James: Isn’t it great to hear, when you’re at the 5-million revenue mark, there’s still as many things on your to-do list as there is when you’re starting out at day one.
Byron: Oh yeah. And even low-hanging fruit in my mind, like some of these ideas aren’t even small little nuggets. They’re like, hey, this is big. But it’s funny because you have ten other ones that are just as big, and you have to figure out where you prioritize your time.
James: Right. That’s where you get someone like me. I see all these businesses like in little silos that I’m working with all the time, so I know what works in somewhere else, and I’ll bring it across. Someone I was speaking to just this morning, he has a very large supplement business. He’s been through the exact same sort of growth stages that you’re going through now. One of them in particular relates to the supply of your own products.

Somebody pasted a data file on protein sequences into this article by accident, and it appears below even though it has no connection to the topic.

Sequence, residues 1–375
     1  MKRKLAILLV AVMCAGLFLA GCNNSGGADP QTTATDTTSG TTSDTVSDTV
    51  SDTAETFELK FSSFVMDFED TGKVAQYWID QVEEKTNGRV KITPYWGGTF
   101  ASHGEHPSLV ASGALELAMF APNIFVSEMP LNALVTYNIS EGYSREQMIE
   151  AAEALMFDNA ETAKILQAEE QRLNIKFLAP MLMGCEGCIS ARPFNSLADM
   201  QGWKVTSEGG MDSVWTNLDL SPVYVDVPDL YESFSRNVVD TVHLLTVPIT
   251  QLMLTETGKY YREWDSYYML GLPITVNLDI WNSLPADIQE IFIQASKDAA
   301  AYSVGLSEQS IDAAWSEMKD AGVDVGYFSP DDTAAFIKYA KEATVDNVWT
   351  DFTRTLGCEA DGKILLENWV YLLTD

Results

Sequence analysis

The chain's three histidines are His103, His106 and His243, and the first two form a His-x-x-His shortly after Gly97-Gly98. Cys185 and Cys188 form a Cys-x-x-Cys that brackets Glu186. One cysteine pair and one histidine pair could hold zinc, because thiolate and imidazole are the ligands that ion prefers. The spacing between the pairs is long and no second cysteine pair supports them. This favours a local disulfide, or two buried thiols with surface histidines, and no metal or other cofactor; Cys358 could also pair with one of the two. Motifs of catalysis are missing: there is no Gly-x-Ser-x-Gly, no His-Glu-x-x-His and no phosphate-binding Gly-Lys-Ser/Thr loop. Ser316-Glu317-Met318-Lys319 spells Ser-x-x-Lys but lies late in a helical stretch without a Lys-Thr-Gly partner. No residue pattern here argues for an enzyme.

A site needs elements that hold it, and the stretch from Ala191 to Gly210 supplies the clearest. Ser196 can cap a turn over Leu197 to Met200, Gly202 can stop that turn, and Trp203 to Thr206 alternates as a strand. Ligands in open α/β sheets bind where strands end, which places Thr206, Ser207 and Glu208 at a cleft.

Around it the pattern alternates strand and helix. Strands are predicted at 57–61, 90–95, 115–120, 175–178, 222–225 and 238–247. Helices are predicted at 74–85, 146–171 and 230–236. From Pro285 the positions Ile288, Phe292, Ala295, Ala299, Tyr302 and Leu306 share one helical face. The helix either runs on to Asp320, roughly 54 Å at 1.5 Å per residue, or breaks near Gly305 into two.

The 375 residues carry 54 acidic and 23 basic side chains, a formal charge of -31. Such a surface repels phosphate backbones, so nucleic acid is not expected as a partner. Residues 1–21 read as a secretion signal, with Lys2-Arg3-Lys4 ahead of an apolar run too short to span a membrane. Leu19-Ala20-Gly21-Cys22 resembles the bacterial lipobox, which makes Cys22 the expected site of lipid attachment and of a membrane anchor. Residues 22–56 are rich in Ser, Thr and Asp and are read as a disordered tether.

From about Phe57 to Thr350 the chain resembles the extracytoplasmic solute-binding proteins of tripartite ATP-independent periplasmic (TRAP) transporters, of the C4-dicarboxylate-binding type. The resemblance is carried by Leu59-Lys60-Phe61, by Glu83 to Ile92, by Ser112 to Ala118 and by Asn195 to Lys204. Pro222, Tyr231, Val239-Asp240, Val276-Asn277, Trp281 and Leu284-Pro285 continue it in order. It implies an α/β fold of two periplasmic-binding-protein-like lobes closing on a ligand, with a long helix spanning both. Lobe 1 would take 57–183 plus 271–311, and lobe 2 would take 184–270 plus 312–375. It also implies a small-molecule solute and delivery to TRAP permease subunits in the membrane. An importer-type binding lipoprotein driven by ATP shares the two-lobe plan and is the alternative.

I guess being an e-commerce related business, I would have to ask you about whether you’re adopting a particular model of drop shipping versus handling it in house, supply-type questions because that will increase your margins and give you a lot of control over your reputation.
Drop shipping vs in house
Byron: Yeah. I’m glad you asked about that. So you know, long as I described, we made a few pivots along the way. One of them was when we first opened our e-commerce website, we were almost 100 percent drop ship. Our margins were just awful. We can’t afford to pay for marketing. I mean it just ruined me that tough first year. And so slowly, we started bringing more and more things in house, which means we had an in-house fulfillment center, which means we had to add three or four more staff members, but that’s OK.
Bringing those products in house allowed us to do several things to increase the margins. One, we don’t have silly drop ship fees. Two, we didn’t have silly shipping fees, which had to get passed on to the customer because drop shippers don’t just put on a fee, they charge higher shipping. Third, we could buy them in bulk instead of one off. So imagine you buying one or two from a drop shipper versus 5,000 from China. So we get better pricing. It goes on and on. There’s so many economies of scale by bringing it in house.